Wednesday, February 29, 2012

Short Film Review: Ruthless

His Chinese gun smuggling ring dismantled, Triad gangster Lee has designs on moving his operation stateside.  He’s even found a gwailo benefactor to help make this dream a reality.  Alas, old demons come back to haunt him, preventing his plans from truly coming to fruition.

John Woo’s action classic Hard Boiled will be celebrating its 20th anniversary this year.  Hollywood has long since appropriated all the hallmarks of Woo’s signature style.  Nevertheless, those who remember what action cinema was like pre-John Woo have a deep appreciation for his contribution to the form.  In tribute to that aesthetic, director Rich Wolgemuth (with the help of Emmanuel Manzanares) has crafted Ruthless.  

Ruthless was originally an entry in 2007’s "True to John Woo” film contest." Though it didn’t win, it came in runner up and received a favorable review from John Woo himself.  What’s amazing about it is that it actually captures the feel of Hard Boiled with considerably less to work with than that film.  It also manages to be sly parody of the John Woo aesthetic that only a true fan could appreciate.

IBP Stunts Chicago regular Shawn Bernal plays the heroic Yuen, who is obviously a stand in for the Chow Yun Fat character Tequila from Hard Boiled.  He even wears similar tactical gear and perfectly mimics Chow’s two fisted shooting style.  His impression is helped by cinematographer Mike Bove, who appears to have studied Hard Boiled to the nth degree.  The camera roams and zooms restlessly.  The pans are sometimes jarring, and slow motion is used at choice moments.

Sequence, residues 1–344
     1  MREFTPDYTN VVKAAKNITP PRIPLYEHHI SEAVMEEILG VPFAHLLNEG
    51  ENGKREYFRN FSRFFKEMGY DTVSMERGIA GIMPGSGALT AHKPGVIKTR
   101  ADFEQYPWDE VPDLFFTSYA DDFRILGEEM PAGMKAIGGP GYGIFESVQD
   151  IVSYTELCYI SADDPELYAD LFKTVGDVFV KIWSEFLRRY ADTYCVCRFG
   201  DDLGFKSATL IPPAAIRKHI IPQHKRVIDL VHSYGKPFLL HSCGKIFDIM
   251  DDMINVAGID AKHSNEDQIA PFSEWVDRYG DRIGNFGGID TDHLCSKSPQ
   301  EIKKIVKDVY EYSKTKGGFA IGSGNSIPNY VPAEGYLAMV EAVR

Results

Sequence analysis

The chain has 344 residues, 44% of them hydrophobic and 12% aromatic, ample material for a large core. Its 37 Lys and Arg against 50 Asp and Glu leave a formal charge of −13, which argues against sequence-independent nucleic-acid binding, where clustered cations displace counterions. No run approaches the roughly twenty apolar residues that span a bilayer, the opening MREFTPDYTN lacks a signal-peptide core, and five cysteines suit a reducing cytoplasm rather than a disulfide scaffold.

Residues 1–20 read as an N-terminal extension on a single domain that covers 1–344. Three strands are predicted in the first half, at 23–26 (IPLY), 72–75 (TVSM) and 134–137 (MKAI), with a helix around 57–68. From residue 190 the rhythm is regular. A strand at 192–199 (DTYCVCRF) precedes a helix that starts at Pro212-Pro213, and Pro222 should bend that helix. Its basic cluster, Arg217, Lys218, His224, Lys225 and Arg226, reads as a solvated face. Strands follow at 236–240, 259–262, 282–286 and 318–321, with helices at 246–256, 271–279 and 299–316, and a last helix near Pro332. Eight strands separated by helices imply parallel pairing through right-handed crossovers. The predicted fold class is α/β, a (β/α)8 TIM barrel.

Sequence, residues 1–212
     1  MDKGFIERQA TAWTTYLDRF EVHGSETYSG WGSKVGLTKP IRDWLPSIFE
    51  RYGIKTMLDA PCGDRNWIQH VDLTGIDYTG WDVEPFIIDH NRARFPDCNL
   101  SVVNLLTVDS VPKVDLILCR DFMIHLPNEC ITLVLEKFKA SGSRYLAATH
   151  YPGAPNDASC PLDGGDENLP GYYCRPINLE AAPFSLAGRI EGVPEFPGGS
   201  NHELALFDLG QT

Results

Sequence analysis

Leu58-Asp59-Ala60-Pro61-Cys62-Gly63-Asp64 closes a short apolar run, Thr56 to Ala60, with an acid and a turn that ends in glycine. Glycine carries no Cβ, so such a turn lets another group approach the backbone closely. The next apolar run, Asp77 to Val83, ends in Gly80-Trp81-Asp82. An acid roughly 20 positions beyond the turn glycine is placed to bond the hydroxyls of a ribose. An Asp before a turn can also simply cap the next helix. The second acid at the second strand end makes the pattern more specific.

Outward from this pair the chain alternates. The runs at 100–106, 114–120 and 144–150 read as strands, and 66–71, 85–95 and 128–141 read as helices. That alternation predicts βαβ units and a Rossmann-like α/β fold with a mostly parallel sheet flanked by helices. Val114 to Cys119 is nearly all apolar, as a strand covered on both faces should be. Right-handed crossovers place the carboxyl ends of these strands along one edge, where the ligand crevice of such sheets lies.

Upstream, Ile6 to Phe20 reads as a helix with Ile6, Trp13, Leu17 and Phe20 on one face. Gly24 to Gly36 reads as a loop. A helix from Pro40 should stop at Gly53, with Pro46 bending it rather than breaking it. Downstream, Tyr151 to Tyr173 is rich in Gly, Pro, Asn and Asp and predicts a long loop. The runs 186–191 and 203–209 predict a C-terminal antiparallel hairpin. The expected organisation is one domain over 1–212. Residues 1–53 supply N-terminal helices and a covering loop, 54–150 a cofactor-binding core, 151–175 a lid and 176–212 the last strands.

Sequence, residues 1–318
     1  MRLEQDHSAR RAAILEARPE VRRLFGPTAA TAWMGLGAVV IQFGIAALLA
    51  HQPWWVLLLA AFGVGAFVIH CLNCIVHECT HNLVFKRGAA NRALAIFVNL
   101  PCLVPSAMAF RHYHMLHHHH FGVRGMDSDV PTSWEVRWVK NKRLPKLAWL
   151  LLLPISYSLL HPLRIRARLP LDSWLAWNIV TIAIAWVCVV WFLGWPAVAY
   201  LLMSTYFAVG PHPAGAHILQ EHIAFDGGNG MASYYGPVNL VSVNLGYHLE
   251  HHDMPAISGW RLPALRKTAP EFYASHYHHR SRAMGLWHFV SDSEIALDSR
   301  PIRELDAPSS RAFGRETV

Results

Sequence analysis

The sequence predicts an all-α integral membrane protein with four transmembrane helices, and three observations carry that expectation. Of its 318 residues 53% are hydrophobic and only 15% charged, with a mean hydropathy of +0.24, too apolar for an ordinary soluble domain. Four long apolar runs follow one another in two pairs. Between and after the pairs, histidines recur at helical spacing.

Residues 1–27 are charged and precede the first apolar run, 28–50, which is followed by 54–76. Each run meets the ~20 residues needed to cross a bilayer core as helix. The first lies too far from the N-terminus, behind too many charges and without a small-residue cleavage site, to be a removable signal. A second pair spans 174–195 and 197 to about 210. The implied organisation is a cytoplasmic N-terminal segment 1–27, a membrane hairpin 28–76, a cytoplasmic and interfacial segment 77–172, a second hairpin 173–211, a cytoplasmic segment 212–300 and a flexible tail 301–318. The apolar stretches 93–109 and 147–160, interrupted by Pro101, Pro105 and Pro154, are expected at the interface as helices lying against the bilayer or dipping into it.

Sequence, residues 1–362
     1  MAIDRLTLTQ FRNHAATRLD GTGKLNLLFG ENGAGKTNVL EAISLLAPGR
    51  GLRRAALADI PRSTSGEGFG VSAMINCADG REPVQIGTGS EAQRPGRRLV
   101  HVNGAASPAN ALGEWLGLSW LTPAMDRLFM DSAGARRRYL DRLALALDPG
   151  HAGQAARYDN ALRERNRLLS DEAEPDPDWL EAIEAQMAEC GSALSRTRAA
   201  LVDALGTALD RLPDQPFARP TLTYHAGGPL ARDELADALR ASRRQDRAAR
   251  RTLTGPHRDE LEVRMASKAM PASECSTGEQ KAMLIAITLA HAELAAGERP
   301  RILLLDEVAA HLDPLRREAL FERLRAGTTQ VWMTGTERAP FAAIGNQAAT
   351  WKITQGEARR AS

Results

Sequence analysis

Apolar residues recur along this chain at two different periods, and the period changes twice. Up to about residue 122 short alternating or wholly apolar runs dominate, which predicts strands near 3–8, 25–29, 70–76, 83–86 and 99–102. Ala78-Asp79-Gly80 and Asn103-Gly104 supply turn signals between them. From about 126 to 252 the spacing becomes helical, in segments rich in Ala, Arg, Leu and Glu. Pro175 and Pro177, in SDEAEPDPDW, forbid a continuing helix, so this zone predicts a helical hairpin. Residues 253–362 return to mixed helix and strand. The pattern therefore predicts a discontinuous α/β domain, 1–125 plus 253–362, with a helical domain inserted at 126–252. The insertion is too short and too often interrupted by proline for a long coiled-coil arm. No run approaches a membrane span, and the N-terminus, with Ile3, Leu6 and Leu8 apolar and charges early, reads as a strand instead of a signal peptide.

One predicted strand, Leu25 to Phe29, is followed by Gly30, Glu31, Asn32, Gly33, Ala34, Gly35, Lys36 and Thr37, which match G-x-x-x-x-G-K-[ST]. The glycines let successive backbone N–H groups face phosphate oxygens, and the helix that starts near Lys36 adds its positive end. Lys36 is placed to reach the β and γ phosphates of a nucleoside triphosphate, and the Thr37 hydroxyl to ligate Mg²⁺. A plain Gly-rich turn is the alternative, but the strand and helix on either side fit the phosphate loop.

Norman Yap is a parody of the kinds of villains often found in prototypical “Heroic Bloodshed” films.  He sports a gaudy gold chain and a Fu-Manchu goatee that comes right out of a Shaw Brothers production.  In another hilarious touch, there’s even a stand in for Philip Kwok’s eye-patched henchmen Mad Dog.  It’s clear that the makers of Ruthless want viewers to know exactly what they are paying tribute to.         

Ruthless has nowhere near the massive body count of a classic John Woo flick, but director Rich Wolgemuth compensates for this by going for impact instead over quantity.  Actual squibs are used instead of the obviously fake digital variant.  Ironically, that decision works against the film at a key moment.  Blood spatters hit the inside of a window in close up.  The stage blood used has such a thick consistency that it calls attention to itself.

Ruthless is an essentially an extended inside joke.  It almost plays like a well-executed Saturday Night Live sketch.  It actually looks like one of the many “Heroic Bloodshed” films that emerged in the wake of John Woo’s early success.  In any other case that would be an insult. In this case it’s meant as a compliment.  Rich Wolgemuth obviously knows the work of John Woo well, and manages to craft a lovingly self-aware homage.

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